Selected by the New Yorker, Financial Times and New Statesman as a Book of the Year ´Diana Evans is a lyrical and glorious writer; a precise poet of the human heart´ Naomi Alderman´You can take a leap, do something off the wall, something reckless. It´s your last chance, and most people miss it.´ South London, 2008. Two couples find themselves at a moment of reckoning, on the brink of acceptance or revolution. Melissa has a new baby and doesn´t want to let it change her but, in the crooked walls of a narrow Victorian terrace, she begins to disappear. Michael, growing daily more accustomed to his commute, still loves Melissa but can´t quite get close enough to her to stay faithful. Meanwhile out in the suburbs, Stephanie is happy with Damian and their three children, but the death of Damian´s father has thrown him into crisis - or is it something, or someone, else? Are they all just in the wrong place? Are any of them prepared to take the leap? Set against the backdrop of Barack Obama´s historic election victory, Ordinary People is an intimate, immersive study of identity and parenthood, sex and grief, friendship and aging, and the fragile architecture of love. With its distinctive prose and irresistible soundtrack, it is the story of our lives, and those moments that threaten to unravel us.
From the authors of the international bestseller Why Nations Fail, a crucial new big-picture framework that answers the question of how liberty flourishes in some states but falls to authoritarianism or anarchy in others--and explains how it can continue to thrive despite new threats. Liberty is hardly the ´´natural´´ order of things. In most places and at most times, the strong have dominated the weak and human freedom has been quashed by force or by customs and norms. Either states have been too weak to protect individuals from these threats or states have been too strong for people to protect themselves from despotism. Liberty emerges only when a delicate and precarious balance is struck between state and society. There is a Western myth that political liberty is a durable construct, a steady state, arrived at by a process of ´´enlightenment.´´ This static view is a fantasy, the authors argue; rather, the corridor to liberty is narrow and stays open only via a fundamental and incessant struggle between state and society. The power of state institutions and the elites that control them has never gone uncontested in a free society. In fact, the capacity to contest them is the definition of liberty. State institutions have to evolve continuously as the nature of conflicts and needs of society change, and thus society´s ability to keep state and rulers accountable must intensify in tandem with the capabilities of the state. This struggle between state and society becomes self-reinforcing, inducing both to develop a richer array of capacities just to keep moving forward along the corridor. Yet this struggle also underscores the fragile nature of liberty. It is built on a fragile balance between state and society, between economic, political, and social elites and citizens, between institutions and norms. One side of the balance gets too strong, and as has often happened in history, liberty begins to wane. Liberty depends on the vigilant mobilization of society. But it also needs state institutions to continuously reinvent themselves in order to meet new economic and social challenges that can close off the corridor to liberty. Today we are in the midst of a time of wrenching destabilization. We need liberty more than ever, and yet the corridor to liberty is becoming narrower and more treacherous. The danger on the horizon is not ´´just´´ the loss of our political freedom, however grim that is in itself; it is also the disintegration of the prosperity and safety that critically depend on liberty. The opposite of the corridor of liberty is the road to ruin.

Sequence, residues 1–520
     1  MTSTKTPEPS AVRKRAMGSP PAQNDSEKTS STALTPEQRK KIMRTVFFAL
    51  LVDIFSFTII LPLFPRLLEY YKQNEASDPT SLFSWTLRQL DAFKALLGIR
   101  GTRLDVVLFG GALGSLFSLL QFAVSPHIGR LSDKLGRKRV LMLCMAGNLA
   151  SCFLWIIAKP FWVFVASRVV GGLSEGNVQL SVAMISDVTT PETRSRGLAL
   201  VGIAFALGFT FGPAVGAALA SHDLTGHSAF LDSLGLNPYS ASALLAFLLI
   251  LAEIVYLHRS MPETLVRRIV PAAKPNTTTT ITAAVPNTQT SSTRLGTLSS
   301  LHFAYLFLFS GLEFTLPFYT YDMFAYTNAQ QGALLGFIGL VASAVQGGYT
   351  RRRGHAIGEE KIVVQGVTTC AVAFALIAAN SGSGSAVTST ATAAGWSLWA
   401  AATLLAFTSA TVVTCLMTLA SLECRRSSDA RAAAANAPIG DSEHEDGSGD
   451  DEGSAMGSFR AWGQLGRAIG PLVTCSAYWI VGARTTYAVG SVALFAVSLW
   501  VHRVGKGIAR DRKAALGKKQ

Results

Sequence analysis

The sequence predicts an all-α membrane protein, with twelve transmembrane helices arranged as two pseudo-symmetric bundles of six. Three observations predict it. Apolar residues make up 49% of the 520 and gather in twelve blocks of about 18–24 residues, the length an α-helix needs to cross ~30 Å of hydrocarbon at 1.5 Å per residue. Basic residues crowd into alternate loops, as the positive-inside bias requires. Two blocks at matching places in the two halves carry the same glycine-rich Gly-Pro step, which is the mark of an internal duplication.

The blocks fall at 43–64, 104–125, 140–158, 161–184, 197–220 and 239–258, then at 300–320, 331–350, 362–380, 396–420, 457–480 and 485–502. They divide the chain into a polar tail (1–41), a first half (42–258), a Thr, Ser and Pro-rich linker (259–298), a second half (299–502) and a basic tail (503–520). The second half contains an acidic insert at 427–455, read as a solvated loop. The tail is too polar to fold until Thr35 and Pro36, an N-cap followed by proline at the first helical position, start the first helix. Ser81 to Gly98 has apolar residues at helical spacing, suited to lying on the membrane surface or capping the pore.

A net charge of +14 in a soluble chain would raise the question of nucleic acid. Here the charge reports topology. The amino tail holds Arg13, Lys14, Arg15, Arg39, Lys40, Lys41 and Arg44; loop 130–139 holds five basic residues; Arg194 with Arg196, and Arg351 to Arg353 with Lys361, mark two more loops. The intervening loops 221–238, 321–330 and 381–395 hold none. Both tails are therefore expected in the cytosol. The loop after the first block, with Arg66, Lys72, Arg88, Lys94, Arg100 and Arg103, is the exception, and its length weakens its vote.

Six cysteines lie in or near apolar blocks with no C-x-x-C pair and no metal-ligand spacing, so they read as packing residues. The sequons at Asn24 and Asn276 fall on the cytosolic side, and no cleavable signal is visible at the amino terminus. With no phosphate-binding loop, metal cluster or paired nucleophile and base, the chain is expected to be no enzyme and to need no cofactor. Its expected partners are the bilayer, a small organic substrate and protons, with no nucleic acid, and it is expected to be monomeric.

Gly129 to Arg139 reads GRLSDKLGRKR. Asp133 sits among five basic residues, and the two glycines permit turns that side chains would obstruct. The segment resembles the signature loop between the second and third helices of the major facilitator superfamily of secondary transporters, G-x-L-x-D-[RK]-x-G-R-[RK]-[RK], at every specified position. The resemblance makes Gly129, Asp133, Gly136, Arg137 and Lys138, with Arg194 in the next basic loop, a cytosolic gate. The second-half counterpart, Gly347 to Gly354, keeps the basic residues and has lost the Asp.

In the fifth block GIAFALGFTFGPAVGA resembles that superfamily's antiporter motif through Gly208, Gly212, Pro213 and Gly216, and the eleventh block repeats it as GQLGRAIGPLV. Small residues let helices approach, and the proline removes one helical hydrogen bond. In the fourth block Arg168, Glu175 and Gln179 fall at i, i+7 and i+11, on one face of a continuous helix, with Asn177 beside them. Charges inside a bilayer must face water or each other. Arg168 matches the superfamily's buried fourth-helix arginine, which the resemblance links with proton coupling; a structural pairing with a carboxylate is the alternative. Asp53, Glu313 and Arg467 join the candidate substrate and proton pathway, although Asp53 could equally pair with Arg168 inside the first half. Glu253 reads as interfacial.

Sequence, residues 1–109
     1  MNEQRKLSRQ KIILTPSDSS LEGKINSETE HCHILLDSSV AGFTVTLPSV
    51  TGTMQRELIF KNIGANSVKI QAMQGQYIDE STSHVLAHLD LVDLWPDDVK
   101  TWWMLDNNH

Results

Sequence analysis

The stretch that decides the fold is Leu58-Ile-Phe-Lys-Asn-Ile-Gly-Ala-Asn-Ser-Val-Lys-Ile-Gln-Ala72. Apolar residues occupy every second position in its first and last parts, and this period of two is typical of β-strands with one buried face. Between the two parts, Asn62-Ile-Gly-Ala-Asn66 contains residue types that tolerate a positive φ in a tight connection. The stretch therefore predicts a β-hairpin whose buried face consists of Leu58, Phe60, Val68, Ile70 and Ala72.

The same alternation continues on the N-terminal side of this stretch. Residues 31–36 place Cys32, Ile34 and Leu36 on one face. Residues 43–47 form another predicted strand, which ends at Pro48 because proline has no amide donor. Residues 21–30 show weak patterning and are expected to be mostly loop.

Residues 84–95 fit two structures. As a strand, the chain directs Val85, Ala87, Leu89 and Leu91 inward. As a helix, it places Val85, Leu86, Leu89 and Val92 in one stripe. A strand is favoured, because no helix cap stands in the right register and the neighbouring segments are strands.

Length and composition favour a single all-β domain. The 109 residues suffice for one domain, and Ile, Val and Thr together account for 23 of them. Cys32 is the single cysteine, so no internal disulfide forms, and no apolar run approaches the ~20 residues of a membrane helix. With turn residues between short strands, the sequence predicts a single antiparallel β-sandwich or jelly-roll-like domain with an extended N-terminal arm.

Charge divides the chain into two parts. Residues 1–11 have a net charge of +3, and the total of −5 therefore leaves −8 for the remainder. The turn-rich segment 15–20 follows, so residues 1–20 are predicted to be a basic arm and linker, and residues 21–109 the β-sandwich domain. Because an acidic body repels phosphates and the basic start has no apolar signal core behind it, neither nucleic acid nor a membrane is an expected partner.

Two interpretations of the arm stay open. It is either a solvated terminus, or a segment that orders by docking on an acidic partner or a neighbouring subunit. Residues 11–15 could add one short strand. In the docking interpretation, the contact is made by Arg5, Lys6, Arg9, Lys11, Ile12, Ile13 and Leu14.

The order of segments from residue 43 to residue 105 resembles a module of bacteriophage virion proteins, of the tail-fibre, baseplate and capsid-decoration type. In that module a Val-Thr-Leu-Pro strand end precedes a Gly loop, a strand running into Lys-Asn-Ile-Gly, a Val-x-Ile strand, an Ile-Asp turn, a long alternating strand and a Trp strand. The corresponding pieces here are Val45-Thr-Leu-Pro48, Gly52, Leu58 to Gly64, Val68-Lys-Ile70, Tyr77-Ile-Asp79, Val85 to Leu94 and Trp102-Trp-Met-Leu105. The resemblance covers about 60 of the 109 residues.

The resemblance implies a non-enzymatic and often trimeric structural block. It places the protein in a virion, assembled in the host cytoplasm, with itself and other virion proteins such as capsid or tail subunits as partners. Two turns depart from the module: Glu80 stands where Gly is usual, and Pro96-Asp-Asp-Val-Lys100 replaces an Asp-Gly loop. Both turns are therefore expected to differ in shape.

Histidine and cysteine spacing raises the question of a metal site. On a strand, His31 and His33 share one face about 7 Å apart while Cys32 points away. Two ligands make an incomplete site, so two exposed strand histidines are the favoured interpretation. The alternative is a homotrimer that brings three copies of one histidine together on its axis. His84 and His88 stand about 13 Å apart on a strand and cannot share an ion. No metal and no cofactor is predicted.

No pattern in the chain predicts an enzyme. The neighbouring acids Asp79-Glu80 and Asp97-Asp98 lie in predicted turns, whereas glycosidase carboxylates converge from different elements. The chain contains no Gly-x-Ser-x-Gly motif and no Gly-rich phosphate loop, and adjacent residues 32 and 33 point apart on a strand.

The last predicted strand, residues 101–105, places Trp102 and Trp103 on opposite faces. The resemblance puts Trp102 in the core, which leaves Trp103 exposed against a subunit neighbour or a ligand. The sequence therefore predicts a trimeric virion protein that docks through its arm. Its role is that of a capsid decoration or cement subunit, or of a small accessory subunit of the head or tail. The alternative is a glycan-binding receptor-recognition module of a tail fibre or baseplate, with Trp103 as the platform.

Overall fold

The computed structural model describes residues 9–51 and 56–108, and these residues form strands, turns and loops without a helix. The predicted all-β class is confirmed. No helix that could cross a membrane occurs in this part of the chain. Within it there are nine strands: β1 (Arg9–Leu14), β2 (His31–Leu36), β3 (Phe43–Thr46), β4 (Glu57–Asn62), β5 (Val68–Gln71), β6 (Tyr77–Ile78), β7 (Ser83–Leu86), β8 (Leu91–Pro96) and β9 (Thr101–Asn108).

This book is direct and to the point. In it we share a word the church does not want to hear in this modern age of political correctness. But we really need to consider the implications. ´´You can enter God´s Kingdom only through the narrow gate. The highway to hell is broad, and its gate is wide for the many who choose that way. But the gateway to life is very narrow and the road is difficult, and only a few ever find it.´´ We must start with the narrowness. Many people are made nervous by this. It is obvious that most pastors and priests are. How can you build a church by telling the people things like this? It is not good to talk about exclusiveness. This is certainly part of the narrowness of the gate. In modern America this is where we get into trouble very quickly from the PC media police. Jesus could not have made it clearer. This aspect of the narrowness is made clear by many things he said. If you are into the words of Jesus typeset in red ink - these are in red. He lays it out boldly - in a way that cannot be ignored. ´´Yes, I am the gate. Those who come in through me will be saved.´´ However, it is obvious to us all that today many local church pastors have trouble saying that Jesus is the gate, the door to the life abundant. It is commonly not preached because the whole approach sounds a bit narrow-minded. But it is much stronger than that. As you will see in this book, many powerful, active church members will find themselves outside with no way to enter heaven. 1. Language: English. Narrator: Tim Côté. Audio sample: http://samples.audible.de/bk/acx0/044430/bk_acx0_044430_sample.mp3. Digital audiobook in aax.